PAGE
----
"I’d love to keep him at the football club if he wants to stay.”

It doesn’t get more succinct than that: Ange Postecoglou is a fan of Ryan Christie.

“Outstanding” was another descriptor the Celtic boss used for the midfielder, as was “intelligent” and “hard-working”.

The fact his contract expires in January and the club could look to cash in for whatever amount they can get before the transfer window shuts does not, it seems, dim Postecoglou’s admiration for the 26-year-old.

He added: “Right now he’s a contracted player, he’s got a few months to go on his deal and he’s training awfully hard and if he keeps playing as he did on Tuesday night then I’ll keep selecting him.”

It does seem like they’re made for one another, the player who wants to play full-throttle football and the manager whose motto is “never take a backwards step”.

Here, we take a look at why even just one full season of Christie and Postecoglou could be a match made in Paradise.

Hard work, dedication and…

Let’s start with something a bit different for a second. Floyd Mayweather Jr, one of the greatest boxers to ever live, trained relentlessly for his biggest fights fuelled by the mantra “hard work, dedication”.

To me, there always seemed to be a fourth word that hung in the air, left unsaid but just as important as the first three: ability. You can have all the dedication in the world and put in all the hard work you can muster, but if you don’t have the requisite ability to pull off what you’re training for it’s only going to take you so far. To really stand out you need the whole combo.

That’s where we start to talk about Ryan Christie and Ange Postecoglou again.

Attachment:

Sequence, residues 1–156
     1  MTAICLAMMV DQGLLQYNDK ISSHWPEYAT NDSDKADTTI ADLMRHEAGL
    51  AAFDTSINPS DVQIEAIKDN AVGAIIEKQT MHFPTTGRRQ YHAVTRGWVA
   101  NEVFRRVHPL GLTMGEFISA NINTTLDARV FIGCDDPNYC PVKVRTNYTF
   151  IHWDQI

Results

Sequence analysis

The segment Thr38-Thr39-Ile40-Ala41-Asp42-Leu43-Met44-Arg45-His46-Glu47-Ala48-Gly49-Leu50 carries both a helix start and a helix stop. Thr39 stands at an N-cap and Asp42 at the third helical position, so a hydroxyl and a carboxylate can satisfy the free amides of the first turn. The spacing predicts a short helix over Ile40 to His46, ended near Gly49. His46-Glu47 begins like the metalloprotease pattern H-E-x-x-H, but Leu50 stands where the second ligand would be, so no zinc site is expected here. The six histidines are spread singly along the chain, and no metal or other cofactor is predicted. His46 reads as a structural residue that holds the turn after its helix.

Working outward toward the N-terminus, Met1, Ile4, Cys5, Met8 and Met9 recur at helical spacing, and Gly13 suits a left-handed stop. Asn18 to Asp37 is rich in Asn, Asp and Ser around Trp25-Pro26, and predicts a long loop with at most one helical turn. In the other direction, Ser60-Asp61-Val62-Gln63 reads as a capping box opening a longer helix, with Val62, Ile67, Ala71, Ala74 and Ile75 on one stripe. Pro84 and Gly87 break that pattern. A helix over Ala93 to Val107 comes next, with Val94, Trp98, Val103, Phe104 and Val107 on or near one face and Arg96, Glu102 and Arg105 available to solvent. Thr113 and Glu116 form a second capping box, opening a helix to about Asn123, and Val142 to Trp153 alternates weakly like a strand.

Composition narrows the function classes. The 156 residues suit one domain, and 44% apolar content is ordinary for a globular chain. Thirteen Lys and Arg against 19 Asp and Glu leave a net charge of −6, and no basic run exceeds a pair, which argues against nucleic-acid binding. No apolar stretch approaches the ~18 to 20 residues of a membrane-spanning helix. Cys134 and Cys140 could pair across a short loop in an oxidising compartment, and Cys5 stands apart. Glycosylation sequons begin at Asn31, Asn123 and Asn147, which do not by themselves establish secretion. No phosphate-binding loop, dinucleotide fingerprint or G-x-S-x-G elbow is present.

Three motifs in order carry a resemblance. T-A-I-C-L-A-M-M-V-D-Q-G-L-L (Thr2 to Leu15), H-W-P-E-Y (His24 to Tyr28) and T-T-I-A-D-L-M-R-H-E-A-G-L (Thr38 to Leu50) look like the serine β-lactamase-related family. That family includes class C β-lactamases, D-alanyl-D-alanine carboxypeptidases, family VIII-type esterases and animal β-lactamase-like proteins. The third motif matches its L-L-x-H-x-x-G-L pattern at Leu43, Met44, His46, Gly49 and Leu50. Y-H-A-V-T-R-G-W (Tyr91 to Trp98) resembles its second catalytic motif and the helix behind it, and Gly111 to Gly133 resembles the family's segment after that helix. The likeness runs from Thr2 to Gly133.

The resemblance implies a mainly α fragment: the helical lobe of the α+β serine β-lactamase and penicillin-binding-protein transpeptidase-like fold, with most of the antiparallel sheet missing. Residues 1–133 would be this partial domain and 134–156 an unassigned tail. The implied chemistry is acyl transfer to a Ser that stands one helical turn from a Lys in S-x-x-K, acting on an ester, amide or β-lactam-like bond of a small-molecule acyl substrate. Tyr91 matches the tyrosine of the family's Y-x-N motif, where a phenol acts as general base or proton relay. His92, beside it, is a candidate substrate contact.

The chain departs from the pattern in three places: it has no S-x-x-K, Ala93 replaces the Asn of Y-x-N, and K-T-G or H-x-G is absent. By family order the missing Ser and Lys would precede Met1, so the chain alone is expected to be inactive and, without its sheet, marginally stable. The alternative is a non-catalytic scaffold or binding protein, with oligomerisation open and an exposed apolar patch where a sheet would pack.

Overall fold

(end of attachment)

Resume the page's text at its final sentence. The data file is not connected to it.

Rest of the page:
First, it’s worthwhile to ponder what Postecoglou wants from his system and his players.

He wants high intensity. He wants the ball on the deck. He wants inverted full-backs. He wants quick and decisive link-up play in the final third. He wants to see perpetual motion from off-ball runners to help his defenders play out from the back. He wants to press out of possession – even when down to 10 men, as we saw in the first leg against FC Midtjylland. He wants, in short, high-risk, high-reward football.

And Christie is a high-risk, high-reward player.

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He has the hard work and the dedication to understand and, in some ways, personify what Postecoglou seems to want off the ball. But he also has the ability to do it on the ball as well.

Don’t underestimate that. It’s not as easy as it sounds – Celtic’s apparent struggles at full-back already tell you that simply trying hard and running around a lot won’t really work in Postecoglou’s system; you have to have the quality, too.

I expect Christopher Jullien to enjoy playing under his new boss when fit. The same goes for the likes of James Forrest, Callum McGregor will no doubt adapt and thrive with what looks like a bit more freedom in the middle as, I suspect, will David Turnbull.

But it’s Christie who could really shine. Whether out wide, as he was against West Ham on Saturday, or more central, Christie’s attributes just seem too suited to Celtic’s new style not to star.

So how does he fit the bill?

I’ve pulled together a few figures (thanks to our friends at StatsBomb) to try to reflect what Christie already brings to the team and why Postecoglou would love it if he stayed.

To highlight his suitability for ‘Ange-ball’ I’ve characterised what Christie’s role would be as a ‘high-intensity, ball-dominant, pressing midfielder’ and selected what I feel are some key measurements to gauge how well he fits that bill. I then compared Christie to some other Premiership players (minimum 900 minutes – or 10 matches – played) who StatsBomb suggested were of a similar disposition and the findings were intriguing.

The main areas to look out for in the graphic below are: